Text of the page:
My vain hopes were dashed as the sun released its white knuckle grip on the horizon and fell finally away. Now it was night. Now they would come.
I sealed tight the remaining blackout shutter on my attic window, making certain not even a speck from the flickering candle I kept inside could find its way out. I could hear Hilltop Harry crackling through the radio. I could picture him willing what signal he had to leak across our town as he spoke. He was a true hero for us and God knows how he’d lasted so long. Not that there was any sign of God paying attention. Harry was reading the code words for the morning. The same ones he’d been repeating for an hour. The only way we’d know it was safe to release ourselves again.
‘Hot summer… fzzzz… Ice cream… ekkekk… Pu… shhh... Puffin’
I loved him now for the joy in the phrases he chose. I hadn’t always.
Silence. We wouldn’t hear him again now until dawn.
The first scream came quickly. They often did. Some unfortunate who hadn’t shut down quickly enough. Who had let their light be seen. It ended in a gurgle. Then I felt the fizz in my guts, knowing what would come next.
I was no longer sick every time I heard the wail, but it had taken a long time to get here and the enamel of my teeth still clawed at my gums. It took thirteen seconds for one of us to become one of them. I’d timed it over and over. The wail stretched across every last second then nothing. Stillness. Somewhere, the grim pack, now increased by one, scanned for another breach.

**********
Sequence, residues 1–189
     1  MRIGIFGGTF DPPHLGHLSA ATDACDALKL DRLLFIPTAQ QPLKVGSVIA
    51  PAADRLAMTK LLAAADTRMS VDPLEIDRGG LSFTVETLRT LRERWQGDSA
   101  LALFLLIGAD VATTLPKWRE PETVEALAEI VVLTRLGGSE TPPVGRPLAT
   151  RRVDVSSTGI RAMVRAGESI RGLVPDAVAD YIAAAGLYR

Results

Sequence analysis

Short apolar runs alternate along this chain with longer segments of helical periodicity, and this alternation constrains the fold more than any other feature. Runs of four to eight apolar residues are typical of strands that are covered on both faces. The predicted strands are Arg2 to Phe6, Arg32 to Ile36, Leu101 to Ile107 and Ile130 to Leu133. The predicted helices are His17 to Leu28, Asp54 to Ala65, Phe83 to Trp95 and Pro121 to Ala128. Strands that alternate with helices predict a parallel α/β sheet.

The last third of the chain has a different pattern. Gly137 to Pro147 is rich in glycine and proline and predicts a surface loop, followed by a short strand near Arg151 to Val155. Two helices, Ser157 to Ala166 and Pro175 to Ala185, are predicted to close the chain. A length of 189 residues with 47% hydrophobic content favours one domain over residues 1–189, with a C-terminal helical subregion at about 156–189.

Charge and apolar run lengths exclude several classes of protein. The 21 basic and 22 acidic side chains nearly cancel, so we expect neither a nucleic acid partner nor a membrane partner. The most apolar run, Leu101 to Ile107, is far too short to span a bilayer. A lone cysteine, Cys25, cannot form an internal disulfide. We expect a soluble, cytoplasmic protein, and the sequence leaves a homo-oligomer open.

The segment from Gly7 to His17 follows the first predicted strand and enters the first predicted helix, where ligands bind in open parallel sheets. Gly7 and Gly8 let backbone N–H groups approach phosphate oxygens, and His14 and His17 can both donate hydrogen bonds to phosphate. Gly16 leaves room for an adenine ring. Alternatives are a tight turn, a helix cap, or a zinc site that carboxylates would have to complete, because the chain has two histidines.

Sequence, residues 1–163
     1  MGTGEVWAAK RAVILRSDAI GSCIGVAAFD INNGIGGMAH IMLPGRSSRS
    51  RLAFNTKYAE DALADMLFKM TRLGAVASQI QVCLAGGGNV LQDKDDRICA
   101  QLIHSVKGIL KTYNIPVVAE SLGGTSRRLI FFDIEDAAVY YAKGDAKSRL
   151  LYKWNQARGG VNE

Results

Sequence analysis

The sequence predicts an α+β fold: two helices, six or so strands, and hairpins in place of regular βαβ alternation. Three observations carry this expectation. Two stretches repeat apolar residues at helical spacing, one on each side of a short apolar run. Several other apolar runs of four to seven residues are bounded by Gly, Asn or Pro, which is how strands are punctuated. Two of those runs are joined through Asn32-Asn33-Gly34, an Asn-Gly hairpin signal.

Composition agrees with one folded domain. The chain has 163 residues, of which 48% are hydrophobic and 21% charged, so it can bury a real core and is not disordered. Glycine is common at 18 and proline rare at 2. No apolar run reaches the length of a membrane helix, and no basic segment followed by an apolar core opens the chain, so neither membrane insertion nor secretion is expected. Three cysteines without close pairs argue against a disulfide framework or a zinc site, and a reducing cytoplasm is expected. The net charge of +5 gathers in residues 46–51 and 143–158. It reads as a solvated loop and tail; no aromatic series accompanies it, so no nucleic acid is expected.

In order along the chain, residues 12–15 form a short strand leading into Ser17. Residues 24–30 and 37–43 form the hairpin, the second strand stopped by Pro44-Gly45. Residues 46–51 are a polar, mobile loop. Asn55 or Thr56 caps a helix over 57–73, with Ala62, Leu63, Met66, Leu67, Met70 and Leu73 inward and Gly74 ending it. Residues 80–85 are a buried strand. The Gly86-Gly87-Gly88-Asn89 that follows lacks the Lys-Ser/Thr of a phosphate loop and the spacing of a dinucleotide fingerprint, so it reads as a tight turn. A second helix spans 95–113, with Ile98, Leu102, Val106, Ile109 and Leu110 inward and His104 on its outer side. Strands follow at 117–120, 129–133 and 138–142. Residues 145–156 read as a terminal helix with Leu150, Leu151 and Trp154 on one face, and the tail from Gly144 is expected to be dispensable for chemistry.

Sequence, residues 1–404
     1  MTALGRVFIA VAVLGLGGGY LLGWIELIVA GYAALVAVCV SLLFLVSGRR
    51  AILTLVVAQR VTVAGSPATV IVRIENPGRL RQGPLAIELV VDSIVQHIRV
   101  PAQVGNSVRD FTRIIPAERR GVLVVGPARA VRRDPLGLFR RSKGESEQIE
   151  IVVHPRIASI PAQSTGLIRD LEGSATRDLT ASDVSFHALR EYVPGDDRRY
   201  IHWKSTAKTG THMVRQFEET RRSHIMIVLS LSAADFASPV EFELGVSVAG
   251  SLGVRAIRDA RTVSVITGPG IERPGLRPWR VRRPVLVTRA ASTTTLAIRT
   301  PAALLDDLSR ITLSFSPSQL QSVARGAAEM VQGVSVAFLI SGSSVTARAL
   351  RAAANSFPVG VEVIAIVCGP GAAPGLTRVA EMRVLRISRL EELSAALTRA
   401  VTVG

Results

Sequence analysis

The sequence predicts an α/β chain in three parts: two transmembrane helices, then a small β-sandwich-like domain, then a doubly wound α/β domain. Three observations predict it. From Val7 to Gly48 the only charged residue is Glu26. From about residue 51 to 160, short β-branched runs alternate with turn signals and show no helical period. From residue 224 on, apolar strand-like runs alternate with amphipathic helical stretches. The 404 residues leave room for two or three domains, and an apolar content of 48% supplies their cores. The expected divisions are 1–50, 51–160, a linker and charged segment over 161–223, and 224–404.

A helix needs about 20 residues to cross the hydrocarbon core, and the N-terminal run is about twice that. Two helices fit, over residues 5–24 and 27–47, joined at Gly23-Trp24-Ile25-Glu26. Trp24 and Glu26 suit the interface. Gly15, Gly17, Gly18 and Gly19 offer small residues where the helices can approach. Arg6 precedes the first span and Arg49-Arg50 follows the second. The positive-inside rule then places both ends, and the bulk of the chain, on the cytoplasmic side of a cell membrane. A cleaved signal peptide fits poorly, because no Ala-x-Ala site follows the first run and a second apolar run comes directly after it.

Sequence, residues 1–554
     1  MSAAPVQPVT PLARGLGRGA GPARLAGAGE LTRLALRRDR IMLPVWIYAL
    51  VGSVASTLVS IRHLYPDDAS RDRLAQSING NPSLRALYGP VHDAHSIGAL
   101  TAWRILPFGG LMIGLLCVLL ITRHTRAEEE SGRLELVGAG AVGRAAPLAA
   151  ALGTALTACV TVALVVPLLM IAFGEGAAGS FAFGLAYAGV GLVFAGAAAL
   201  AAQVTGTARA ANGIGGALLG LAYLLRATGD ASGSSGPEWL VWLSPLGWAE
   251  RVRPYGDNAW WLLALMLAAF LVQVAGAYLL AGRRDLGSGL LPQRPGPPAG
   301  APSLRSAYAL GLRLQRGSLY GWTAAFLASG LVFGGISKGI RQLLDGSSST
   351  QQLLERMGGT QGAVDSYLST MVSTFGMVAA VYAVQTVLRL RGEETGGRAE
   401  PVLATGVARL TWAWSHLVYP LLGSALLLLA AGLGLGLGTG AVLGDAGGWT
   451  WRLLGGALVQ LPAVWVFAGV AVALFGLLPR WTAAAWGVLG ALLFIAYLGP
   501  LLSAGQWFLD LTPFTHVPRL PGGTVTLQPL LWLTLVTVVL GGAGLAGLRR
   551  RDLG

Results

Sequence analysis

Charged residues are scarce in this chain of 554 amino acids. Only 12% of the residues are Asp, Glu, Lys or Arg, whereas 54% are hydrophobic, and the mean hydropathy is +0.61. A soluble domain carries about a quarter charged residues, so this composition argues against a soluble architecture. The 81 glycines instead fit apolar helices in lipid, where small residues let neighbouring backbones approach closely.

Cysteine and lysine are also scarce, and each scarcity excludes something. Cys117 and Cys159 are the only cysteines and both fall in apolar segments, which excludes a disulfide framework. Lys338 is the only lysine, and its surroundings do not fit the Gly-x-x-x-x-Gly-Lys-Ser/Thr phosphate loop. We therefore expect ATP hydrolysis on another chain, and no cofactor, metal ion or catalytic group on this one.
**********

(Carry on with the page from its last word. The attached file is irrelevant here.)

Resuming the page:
I lay down on the single mattress I called my bed, not that I would sleep, I wasn’t at that place in my cycle. I’d woken disorientated that morning so it’d be another two nights before I was exhausted enough to fall again. I picked up my map and marked on it where I thought I’d heard the scream, then I listened.
The next one was close. I slammed my palms over my ears for fear the wail might empty my bladder if it came through at full force. One, two, three… I released at fifteen and found myself clammy with sweat. I marked the map. It wasn’t precise but I’d become pretty good at working out the locations by now. It would be easy enough to check in the morning. For each scream, someone would be missing from somewhere.
I don’t know why they didn’t take the birds, just as I didn’t know an owl had been innocently working away at the insulation I’d stuffed around the point where the roof beam pushed through my wall. The chink it made was not much, but it was enough to let a flicker of light out.
I could never have marked my own scream on the map, it came from everywhere.
The wail, however, was ecstasy.